Aftabeh (// Persian: آفتابه), also called obdasta (Persian: ob – water and dasta – handle) is a pitcher made out of clay, copper, brass, or plastic which is used traditionally for purposes of hand washing, cleansing, and ablution. Its overall shape is similar to a ewer with an angled spout protruding from its side, from where water is poured. It shares resemblance with lota and kindi in Indian culture.
Aftebehs are common in Iran, Azerbaijan, and Central Asian countries. In Uzbekistan, the vessel is mostly called obdasta, but the term oftoba is common in Namangan and Andijan regions. Aftabehs are called ibriq in Qashqadaryo Region.
Aftabeh is now mostly an accessory in toilets and used inside the bathroom alongside health faucets. Aftabeh has been used within Persia and the wider Central Asian region throughout history and many historical aftabehs, particularly elaborately decorated ones are on display at museums around the world as historical artifacts with cultural and artistic value.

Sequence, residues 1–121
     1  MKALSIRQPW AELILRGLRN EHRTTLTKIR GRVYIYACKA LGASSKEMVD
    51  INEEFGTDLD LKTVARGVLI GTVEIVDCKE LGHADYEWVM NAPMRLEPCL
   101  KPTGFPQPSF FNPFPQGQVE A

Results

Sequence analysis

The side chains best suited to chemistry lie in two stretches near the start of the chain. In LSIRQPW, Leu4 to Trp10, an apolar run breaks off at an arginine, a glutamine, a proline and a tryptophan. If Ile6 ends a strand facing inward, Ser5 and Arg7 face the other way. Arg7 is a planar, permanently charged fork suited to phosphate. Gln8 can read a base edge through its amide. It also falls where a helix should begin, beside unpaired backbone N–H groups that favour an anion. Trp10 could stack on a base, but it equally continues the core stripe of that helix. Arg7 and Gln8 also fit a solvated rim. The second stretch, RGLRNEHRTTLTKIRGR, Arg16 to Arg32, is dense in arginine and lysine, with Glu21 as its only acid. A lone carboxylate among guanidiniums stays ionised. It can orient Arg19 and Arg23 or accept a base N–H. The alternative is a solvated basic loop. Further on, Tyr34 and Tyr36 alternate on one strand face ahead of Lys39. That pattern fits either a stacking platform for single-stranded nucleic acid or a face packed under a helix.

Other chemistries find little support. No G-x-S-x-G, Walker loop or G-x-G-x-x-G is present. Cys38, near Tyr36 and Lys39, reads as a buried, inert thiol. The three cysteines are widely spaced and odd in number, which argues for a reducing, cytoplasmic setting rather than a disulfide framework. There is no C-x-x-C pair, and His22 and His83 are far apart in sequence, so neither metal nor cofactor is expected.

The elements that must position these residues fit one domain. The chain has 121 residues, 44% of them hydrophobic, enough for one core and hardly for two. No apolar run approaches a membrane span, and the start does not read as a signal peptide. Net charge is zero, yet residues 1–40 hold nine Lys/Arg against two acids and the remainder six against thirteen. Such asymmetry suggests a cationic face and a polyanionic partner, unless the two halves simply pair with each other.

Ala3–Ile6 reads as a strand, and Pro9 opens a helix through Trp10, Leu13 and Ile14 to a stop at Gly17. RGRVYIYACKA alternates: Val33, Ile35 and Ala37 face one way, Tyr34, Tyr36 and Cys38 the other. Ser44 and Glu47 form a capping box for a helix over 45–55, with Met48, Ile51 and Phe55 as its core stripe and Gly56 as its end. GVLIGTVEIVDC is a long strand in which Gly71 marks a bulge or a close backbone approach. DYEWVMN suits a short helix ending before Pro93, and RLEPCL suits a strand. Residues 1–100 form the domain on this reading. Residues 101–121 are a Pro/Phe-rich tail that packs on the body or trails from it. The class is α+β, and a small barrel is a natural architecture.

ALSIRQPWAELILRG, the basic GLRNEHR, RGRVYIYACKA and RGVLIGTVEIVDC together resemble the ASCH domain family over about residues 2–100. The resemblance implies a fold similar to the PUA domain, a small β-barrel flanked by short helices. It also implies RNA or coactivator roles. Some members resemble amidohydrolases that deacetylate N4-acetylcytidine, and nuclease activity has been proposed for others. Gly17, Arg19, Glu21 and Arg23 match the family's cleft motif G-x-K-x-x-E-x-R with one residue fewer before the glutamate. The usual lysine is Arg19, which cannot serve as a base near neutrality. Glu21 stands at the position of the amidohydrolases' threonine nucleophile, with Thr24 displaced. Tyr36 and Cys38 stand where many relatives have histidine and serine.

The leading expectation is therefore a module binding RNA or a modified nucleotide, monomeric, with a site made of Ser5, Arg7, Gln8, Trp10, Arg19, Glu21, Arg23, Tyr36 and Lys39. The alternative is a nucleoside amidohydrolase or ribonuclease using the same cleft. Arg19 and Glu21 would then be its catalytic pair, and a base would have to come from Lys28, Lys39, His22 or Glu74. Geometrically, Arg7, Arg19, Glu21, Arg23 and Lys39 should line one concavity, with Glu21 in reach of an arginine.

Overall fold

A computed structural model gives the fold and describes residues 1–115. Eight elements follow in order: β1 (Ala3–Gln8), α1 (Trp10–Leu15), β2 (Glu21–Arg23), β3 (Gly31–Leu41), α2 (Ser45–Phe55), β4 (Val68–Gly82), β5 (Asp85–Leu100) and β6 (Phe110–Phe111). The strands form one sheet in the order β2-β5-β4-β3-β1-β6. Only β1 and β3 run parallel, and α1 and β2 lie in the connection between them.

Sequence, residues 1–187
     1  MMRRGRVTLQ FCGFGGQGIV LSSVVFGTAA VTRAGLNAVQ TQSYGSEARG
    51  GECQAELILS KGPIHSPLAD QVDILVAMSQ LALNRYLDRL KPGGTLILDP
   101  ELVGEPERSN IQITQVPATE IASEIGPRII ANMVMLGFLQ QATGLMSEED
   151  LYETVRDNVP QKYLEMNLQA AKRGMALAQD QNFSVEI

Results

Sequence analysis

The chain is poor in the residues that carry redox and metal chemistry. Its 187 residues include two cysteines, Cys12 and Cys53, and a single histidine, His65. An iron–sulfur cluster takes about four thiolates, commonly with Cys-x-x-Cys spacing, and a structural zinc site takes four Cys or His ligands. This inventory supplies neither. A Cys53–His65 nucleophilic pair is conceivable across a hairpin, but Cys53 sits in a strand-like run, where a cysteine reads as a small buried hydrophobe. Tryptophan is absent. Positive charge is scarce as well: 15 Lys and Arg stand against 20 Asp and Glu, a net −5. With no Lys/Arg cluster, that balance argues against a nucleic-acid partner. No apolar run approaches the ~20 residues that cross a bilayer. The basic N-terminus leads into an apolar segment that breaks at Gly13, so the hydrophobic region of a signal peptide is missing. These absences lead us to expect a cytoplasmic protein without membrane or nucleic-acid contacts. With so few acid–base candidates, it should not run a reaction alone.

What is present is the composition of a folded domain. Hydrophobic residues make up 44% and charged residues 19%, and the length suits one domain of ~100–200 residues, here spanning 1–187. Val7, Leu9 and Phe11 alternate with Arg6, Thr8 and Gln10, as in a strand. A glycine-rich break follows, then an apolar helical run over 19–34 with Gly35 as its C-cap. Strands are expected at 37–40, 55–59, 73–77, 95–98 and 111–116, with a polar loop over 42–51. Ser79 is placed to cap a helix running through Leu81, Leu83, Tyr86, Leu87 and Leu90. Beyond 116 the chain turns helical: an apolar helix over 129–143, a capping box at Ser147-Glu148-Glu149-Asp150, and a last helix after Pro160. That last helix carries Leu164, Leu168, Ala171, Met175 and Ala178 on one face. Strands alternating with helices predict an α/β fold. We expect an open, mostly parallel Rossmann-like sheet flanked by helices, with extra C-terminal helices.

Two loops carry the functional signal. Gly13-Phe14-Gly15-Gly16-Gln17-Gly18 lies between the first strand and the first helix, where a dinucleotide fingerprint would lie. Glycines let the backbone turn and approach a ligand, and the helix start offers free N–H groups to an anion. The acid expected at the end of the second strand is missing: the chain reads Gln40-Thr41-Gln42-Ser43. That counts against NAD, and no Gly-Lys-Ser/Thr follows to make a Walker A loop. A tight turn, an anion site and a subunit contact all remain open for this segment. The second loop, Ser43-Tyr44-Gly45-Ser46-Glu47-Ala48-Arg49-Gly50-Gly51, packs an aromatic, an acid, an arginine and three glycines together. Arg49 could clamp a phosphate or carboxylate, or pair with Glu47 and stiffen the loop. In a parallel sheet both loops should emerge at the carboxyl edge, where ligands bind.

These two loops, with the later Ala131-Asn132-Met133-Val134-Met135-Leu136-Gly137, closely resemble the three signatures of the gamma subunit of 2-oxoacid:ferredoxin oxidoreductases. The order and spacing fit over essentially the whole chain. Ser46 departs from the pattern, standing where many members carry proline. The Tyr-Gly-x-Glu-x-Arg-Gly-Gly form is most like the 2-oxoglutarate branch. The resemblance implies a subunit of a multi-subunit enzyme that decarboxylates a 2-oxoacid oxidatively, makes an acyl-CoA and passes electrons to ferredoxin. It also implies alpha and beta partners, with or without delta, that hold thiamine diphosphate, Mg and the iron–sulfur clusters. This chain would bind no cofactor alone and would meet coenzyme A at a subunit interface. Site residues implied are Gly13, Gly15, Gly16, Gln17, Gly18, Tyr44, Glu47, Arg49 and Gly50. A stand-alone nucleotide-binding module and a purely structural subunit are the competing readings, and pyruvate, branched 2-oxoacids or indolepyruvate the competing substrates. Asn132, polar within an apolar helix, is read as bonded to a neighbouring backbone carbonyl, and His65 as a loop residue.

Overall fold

In Qajar era, it was customary for affluent families to have servants bring a set of brass or copper aftabeh-lagan (pitcher and wash basin) so everyone could wash their hands and face before food was served. Similarly, in rural areas of Central Asia guests are still offered an aftabeh (with a lagan or a basin) and a towel for washing hands before and after eating.
There is a popular Persian proverb associated with aftabeh-lagan: "7 sets of aftabeh-lagan, but no lunch or dinner!" which refers to an empty show of opulence around a subject where the actual content is missing.
- Alberts, Robert Charles (1983). Social Structure and Culture Change in an Iranian Village, Volume 1. University of Wisconsin. p. 169.
- "Squat toilet in Iran". Retrieved 18 March 2020.
- "oldest aftabeh dating 2600 years". Rokna News Agency. 18 March 2020.
- Bacon, Elizabeth. E (1980). Central Asians under Russian Rule: A Study in Culture Change. Ithaca and London: Cornell University Press. p. 160-161. ISBN 0-8014-9211-4.
- An aftabeh in Brooklyn Museum
- A decorated brass aftabeh with Persian motifs at National Museum of Scotland
- Finely engraved Qajar-era aftabeh at State Hermitage Museum, Saint Petersburg, Russia
- Decorated brass aftabeh with poetic and benedictory inscriptions at Victoria and Albert (V&A) Museum, London